Saturday, July 08, 2006

HIV/AIDS in rural Zambia

The Zambian health deputy minister Chilufya Kazenene has raised alarm about HIV/AIDS in rural areas reaching alarming levels in the next few years if the current interventions are not scaled up as a matter of urgency.

It will be very sad if some rural areas in Zambia which currently have relatively low prevalence rates of HIV/AIDS start to experience an upward swing in the spread of this virus because very little is being done to ensure that things do not get worse in the rural areas. Zambia has areas like Northern Province with 8.3 per cent infection rate and North-Western Province with 9.2 per cent but very little is being done to help these provinces push down these rates. Obviously areas like Lusaka with 22 per cent infection rates and Copperbelt with 19.9 per cent will definitely require more resources to deal not only with prevention, but also treatment, but this should not mean that the areas with low infection rates should receive negligible attention because soon they will also catch up and it will be a question of closing the stables after the horses have bolted. More work and investment in rural areas can help keep the rates of infection under control.

It is so important that public health officials in Zambia realise that prevention of HIV is of paramount importance. The trouble is that when HIV/AIDS is concerned the culture is often one of 'fire fighting' rather than one of prevention. There is a lot that can be done to reduce or keep under control the prevalence rates in rural areas but not enough is being done. Zambia is spending a disproportionate amount of resources in dealing with the HIV/AIDS problem in urban areas than in rural provinces.

Most rural areas don’t even have testing centres. It is very difficult for our rural dwellers to access ARVs. And for those who have some access to ARVs, they have no proper assistance in how to administer this treatment. They also do not have access to periodic or regular CD-4 counts. Those who have some access to ARVs are not properly helped with administration of these drugs. Some of them are swallowing them like beans, endangering their health. These are very strong drugs that need proper management by competent people; they cannot be taken like aspirin or panadol. The money that various donor organisations have been pouring into the fight against HIV/AIDS does not seem to be reaching the intended people.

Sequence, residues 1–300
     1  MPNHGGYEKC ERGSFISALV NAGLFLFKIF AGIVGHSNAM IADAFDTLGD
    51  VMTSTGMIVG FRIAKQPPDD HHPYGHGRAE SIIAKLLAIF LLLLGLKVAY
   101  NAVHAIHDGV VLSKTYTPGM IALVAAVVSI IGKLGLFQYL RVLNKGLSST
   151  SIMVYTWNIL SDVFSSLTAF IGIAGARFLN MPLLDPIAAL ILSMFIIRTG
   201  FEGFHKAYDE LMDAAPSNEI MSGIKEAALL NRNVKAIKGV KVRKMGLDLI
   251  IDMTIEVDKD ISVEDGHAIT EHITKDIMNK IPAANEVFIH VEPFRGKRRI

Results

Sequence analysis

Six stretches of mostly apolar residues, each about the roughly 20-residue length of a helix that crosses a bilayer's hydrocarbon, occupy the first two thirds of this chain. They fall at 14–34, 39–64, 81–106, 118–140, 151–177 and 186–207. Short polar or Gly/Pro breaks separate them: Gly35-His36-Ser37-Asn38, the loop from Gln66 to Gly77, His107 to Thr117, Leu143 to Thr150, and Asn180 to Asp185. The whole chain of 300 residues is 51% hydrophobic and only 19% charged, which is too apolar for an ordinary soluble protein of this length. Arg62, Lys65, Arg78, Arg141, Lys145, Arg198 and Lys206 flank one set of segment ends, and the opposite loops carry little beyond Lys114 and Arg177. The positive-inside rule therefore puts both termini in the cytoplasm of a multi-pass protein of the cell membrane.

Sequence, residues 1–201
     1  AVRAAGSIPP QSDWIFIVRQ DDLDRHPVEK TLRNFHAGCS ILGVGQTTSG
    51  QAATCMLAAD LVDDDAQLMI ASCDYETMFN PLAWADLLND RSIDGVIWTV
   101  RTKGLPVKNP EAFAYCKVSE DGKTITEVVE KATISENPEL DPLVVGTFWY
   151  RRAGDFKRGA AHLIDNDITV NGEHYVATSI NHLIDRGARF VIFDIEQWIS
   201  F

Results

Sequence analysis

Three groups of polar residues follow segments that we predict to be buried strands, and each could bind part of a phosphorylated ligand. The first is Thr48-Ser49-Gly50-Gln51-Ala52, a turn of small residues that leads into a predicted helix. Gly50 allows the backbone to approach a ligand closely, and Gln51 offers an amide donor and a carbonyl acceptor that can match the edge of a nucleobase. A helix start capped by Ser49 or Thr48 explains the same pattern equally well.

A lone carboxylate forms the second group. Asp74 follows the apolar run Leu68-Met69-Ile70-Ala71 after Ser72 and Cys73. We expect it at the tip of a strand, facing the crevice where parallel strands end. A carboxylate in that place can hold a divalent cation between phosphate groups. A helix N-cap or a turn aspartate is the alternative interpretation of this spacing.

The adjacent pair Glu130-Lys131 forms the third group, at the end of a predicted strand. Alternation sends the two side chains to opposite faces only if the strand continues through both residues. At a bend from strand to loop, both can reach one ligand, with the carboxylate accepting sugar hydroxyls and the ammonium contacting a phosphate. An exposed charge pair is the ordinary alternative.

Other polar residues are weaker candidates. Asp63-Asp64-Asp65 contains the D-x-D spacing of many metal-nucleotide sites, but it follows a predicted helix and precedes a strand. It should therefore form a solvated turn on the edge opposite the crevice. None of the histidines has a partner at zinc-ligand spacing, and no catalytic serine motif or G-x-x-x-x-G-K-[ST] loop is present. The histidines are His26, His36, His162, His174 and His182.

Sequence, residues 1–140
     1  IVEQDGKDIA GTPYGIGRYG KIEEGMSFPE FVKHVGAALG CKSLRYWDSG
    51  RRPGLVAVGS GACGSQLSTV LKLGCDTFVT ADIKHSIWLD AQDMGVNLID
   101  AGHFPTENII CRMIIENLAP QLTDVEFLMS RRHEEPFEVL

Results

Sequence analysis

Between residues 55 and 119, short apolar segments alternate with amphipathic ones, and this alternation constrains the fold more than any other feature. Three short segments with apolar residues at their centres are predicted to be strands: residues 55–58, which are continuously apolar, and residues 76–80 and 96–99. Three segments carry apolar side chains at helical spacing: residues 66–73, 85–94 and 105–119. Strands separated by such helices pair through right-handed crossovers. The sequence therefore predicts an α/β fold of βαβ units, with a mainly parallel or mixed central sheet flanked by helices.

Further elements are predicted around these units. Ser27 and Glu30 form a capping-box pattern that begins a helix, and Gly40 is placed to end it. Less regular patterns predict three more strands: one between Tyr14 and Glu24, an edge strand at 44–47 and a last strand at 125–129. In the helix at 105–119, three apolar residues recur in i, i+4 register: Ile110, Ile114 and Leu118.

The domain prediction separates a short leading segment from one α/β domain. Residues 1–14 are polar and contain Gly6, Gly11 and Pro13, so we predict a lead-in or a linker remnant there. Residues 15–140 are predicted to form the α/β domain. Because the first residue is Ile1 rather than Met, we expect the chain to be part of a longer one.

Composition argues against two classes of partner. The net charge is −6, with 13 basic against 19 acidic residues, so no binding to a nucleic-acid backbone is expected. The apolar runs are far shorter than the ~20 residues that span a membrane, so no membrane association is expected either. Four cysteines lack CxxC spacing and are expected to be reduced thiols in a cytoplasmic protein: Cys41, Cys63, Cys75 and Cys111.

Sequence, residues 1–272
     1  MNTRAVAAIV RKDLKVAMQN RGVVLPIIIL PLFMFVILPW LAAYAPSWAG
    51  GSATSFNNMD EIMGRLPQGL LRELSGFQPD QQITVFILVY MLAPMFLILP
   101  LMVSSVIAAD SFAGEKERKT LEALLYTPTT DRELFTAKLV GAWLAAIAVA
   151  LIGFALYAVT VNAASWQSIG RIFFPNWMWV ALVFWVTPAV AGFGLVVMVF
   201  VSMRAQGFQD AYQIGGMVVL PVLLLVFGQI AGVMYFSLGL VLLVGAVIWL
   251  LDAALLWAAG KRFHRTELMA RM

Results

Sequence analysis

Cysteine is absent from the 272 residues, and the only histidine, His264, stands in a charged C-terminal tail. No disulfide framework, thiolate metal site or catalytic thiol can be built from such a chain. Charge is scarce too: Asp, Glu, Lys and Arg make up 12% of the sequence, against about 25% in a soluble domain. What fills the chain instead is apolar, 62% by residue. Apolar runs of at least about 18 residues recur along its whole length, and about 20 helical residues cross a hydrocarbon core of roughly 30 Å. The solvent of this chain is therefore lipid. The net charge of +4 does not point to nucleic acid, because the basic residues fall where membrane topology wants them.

Zambia has a myriad of non-governmental organisations that have been created to deal with the HIV problem - a good thing in itself. But most of these organisations (NGOs) really do not benefit the people they are intended to serve. Instead, the greatest beneficiaries are those who run them. Money is spent much more on HIV/AIDS workshops and seminars while even the wisdom that comes from such meetings never reaches the intended beneficiaries, especially those in rural areas.

It is very difficult for rural dwellers living with HIV to fight even the most controllable of opportunistic diseases. Most of the rural clinics or health centres do not have even the minimum facilities to diagnose opportunistic diseases like tuberculosis, let alone the means to treat it. The rural clinics and health centres don’t even have drugs for simple diarrhoea and other health complications that people living with HIV are usually open to. To this is added the problem of hunger. HIV patients, especially those on ARVs, need reasonable access to food. But there are so many people in the rural areas taking HIV drugs on empty stomachs.

We therefore urge those who have made fine use of their resources to help us fight the HIV pandemic in this country to start focusing their attention and money on rural areas. Of course, this shouldn’t be at the exclusion or abandonment of urban areas where the problem has today reached very alarming levels. Doing so will be self-defeating. We are calling on them not to forget the rural areas as they battle with the problem in our urban centres. We should not allow the prevalence levels in our rural areas to ever reach those of the urban centres. If this is allowed to happen, we are likely to see an extinction of the rural populations. Let’s act now on the rural HIV problem - tomorrow may be too late. Let’s scale up our efforts, especially in the rural areas, in fighting this horrible virus.

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